Blue Whales of the North-East Atlantic: 2017-2018
A blue whale taking a breath off the coast of Pico Island in April 2017. The blue whale was so named after the bright blue hues that are reflected
from its body underwater.
We returned to Lajes do Pico during the last days of April 2017 to pursue our photo-identification studies of blues whales in collaboration with Espaço Talassa, and several other whale-watching companies operating in the Faial-Pico region.
The grey dampness of the island enveloped us as always, with clouds descending to the ridge just above Lajes, the island’s capital. The volcanic peak for which Pico gets its name, made several appearances through and above the clouds, though generally only for brief glimpses. The early morning often provides the best views, coloured in reddish morning light, before the wispy mist turns into denser clouds throughout during the day. It is when we are offshore looking for blue whales, that Pico is often best viewed, less encumbered by shore-hugging clouds.
The peak for which Pico gets its name is best observed from the sea.
We were joined by a Dutch group last year, who took part in a week-long stay to see and learn about blue whales and other species travelling through the area. The group was animated and enthusiastic, and rewarded by sightings of several ‘blues’, as we often refer to them. They were also treated to sights of fin, humpback, and sperm whales, as well as Risso’s, common, and striped dolphins.
Blue whales are present in the Azores from March through to June, and rarely into early July, as was the case in 2017. Some blues appear to pass through for a few days before moving on into the expanse of the North Atlantic Ocean. Some perhaps heading as far North as Iceland, Spitsbergen (Norway), East Greenland, or other destinations that we are yet unaware of.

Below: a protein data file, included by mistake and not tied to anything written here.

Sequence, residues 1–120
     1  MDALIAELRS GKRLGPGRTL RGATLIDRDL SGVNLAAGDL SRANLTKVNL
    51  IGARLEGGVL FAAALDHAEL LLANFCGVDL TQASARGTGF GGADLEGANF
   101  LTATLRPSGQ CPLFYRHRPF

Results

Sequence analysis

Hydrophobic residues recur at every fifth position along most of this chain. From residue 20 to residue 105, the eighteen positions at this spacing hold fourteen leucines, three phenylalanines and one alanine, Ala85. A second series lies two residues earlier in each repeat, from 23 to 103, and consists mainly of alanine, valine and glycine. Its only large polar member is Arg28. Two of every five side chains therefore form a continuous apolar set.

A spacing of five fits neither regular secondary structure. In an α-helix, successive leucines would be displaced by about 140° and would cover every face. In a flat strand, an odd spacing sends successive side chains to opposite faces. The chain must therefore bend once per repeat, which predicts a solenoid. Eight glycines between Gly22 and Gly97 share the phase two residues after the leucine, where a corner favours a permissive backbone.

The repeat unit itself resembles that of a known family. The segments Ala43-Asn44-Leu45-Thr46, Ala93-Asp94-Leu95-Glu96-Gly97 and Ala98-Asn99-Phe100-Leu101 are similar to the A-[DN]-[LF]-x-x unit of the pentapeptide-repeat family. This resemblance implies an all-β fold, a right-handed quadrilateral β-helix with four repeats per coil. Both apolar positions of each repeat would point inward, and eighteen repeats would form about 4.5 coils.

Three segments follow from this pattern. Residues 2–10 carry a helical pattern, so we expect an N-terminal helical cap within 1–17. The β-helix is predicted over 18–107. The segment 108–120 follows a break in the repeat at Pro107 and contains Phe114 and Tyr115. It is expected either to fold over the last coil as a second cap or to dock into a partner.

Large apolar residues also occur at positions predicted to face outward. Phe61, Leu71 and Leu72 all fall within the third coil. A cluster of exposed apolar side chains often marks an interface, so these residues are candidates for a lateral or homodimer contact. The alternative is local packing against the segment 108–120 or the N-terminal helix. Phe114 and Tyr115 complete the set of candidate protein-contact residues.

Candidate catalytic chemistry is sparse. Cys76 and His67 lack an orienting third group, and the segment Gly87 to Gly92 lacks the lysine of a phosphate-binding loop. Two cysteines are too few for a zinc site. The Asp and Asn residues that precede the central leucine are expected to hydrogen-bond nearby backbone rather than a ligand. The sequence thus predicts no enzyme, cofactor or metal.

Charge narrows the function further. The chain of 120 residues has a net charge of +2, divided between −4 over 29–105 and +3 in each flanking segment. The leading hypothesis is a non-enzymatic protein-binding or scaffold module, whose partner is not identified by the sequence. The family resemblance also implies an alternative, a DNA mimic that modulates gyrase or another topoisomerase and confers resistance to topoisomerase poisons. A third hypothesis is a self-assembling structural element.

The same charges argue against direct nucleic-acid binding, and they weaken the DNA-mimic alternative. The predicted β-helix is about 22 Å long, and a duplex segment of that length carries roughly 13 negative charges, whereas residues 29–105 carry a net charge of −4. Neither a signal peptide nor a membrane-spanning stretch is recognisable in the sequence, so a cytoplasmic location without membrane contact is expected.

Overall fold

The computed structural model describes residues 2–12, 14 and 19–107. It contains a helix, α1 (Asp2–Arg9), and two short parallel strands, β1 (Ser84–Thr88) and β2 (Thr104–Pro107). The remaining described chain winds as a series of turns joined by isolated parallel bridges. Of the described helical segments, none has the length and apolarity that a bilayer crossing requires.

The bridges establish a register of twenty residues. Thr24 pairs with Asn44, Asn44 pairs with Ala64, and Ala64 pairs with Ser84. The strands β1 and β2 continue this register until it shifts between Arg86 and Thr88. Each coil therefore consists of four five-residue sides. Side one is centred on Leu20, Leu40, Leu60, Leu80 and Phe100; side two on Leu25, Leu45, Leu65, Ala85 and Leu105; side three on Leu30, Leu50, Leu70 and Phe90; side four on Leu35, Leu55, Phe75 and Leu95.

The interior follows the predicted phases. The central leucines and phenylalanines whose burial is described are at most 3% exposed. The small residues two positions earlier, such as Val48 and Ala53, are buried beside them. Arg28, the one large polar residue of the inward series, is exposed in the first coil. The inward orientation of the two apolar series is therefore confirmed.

As the clouds hug the shoreline, we set off in search of blue whales offshore.
What has been become clearer, through our photo-ID data and acoustic findings by Dr. Chris Clark and associates is that they do use much more of the North Atlantic basin than we once thought. Not just migrating headlong to the far North, but finding prey over all manner of sea mounts, banks, shelf edges and canyons, most often far from where we can reach them on a regular basis. By continuing to compare catalogs of blue whales from different geographical areas, we have found additional matches between the Azores and Spitsbergen, but not as many matches to other known northern destinations as we would have thought.
A record year for IDs
In 2017, we were able to collect 80 blue whale IDs around Pico and Faial Islands, with an additional contribution of 17 more from the island of Terceira by Guilherme Estrela. This total of 97 individuals was the third highest number of blue whales identified in the Azores in a single season to date. Most were new to the catalog, including five more cow-calf pairs and one more possible blue/fin whale hybrid. The latter would need to be verified through genetic analysis, however, we were not equipped to do so in the Azores. Indeed, biopsy sampling is a research method that requires special permits that are delivered by local authorities for specific research purposes. MICS holds research permits for use in Canada, and would have to partner with local research institutions in the Azores to biopsy a blue whale there.